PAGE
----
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An Aesthetics of Junk Fiction by T. J.…
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An Aesthetics of Junk Fiction

by T. J. Roberts

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Are you a serious reader who takes a break from literary authors like Jane Austen, Leo Tolstoy, Virginia Woolf and James Joyce to read a good juicy romance, thriller, mystery or science fiction novel? Or, is your reading a steady diet of paperbacks featuring werewolves, detectives, elves, lawyers, heroines or adventurers? Either way, author Thomas J Roberts argues paperback junk fiction, so called, is anything but junk. Quite to the contrary, there are a good number of very compelling reasons we enjoy such fiction that speaks directly and forcefully to our everyday reality with sharply etched characters. What a fascinating read! The author’s careful examination of paperback genre fiction (he uses the term ‘junk fiction') proposes that we look at such writing with fresh eyes for very specific reasons:

Such fiction presents the stories of our time that people in the future will not instantly understand (the author says future generations will only be eavesdropping) since these stories come from the kinds of people and events we encounter when we read the newspapers and live our day-to-day lives. By way of example, the author quotes from “Cinnamon Skin” by John D. MacDonald: “I parked beyond her mailbox and we got out and stood there, stunned by the profusion of junk that filled the yard from fence to fence. Car parts, refrigerators, cargo trailers without wheels, stove-wood, rolls of roofing paper, bed frames, broken rocking chairs, broken desk furniture, piles of cinder block, piles of roof tiles, a stack of full sheets of plywood, moldering away. . . . It made me think of an object I had seen in New York when a woman persuaded me to go with her to an exhibition at the Museum of Modern Art. That object was a realistic-looking plastic hamburger on a bun with an ooze of mustard, pickle, and katchup. It was ten feet in diameter and stood five feet high. This scene had that same total familiarity plus unreality.”

Sticking with the above quote, there are a couple of other points the author makes about junk fiction: how it frequently will refer to high culture, in this case comparing a pile of junk in someone’s yard to modern art – a giant Pop Art sculpture – at the Museum of Modern Art. And, of course, many readers of this paperback share the narrator’s judgement of likening modern art to so much junk. On the topic of references to high culture, I myself recall Raymond Chandler’s Phillip Marlowe citing Marcel Proust, Emily Brontë, the diary of Samuel Pepys and also Philip K. Dick’s Horselover Fat expatiating on religious texts: The Gospel of Thomas, Old and New Testaments and works of theologian Rudolf Bultmann. Thus our author makes an even stronger claim: In the aftermath of a possible future cataclysm, the edifice of high culture could be reconstructed from direct references made in junk fiction. Now that’s a statement worth chewing on!

When speaking of cultivated taste and low taste our author makes some interesting remarks, dividing readers and writers into three categories: serious (Italo Calvino), plain (Sidney Sheldon), paperback (John D. MacDonald). Sometimes, he reflects, some readers will publicly praise one type of book and secretly take great pleasure in reading another type of book. One can imagine a college professor writing scholarly articles on Shakespeare or Edith Wharton but having a stack of Danielle Steel or Agatha Christie or Ian Fleming or Stephen King she or he can never get enough of. Predictably, that most vital subject is also covered: where we draw the line of what we will read and what we will not read, either in terms of the type or quality of story or good or bad writing, I know for myself, on occasion I very much enjoy a Jim Thompson or Elmore Leonard novel but there are some other writers or types of genres I simply can’t take, my eyes almost fill with tears as it is too painful to read beyond page one.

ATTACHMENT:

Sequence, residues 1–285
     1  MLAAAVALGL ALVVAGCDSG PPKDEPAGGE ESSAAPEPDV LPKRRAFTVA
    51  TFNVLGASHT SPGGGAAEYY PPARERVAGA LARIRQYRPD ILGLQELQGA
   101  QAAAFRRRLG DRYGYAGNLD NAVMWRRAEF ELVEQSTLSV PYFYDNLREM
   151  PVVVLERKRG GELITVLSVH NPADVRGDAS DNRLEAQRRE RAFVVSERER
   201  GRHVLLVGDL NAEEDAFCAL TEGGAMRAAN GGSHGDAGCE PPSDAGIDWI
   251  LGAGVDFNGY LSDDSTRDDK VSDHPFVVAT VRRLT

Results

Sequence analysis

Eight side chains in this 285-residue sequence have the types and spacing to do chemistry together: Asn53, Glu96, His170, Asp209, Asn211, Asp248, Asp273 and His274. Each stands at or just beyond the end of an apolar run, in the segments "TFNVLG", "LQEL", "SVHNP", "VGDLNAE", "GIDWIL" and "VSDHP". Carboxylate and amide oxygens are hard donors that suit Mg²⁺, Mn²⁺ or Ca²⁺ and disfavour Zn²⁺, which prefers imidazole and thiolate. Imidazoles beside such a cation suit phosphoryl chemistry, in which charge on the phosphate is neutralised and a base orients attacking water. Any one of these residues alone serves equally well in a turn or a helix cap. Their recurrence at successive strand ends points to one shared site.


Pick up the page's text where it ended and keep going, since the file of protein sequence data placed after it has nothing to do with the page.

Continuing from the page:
One of the most intriguing sections of the book is ‘Reading as an Escape’, where Roberts writes: (and I paraphrase slightly): “When we use that word escape about the reading of others, then, we always mean “avoidance” and “flight.” But when people read paperbacks, they do not feel as though they were running from something else. The important question is what we escape to. The phrase ‘escape reading’ for readers implies a kind of treasure hunting not running away or avoiding anything.” So, in the sense of our setting aside time to lift ourselves out of our concrete reality and partake of an imaginative world via fiction, there really isn’t any distinction between literary fiction and junk fiction. Sidebar: Many philosophers such as Kant and Schopenhauer speak of our using our imagination and intuition in this way to have an aesthetic experience, an experience very refreshing, intensely pleasurable, highly insightful and sometimes even blissfully liberating – novel reading on any level as our modern counterpart to what the ancients experienced watching tragedies or comedies.

It would be grand to witness the worldwide reaction if Jo Nesbo or Danielle Steel or Christopher Priest won the Nobel Prize for Literature.


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  GlennRussell | Feb 16, 2017 |
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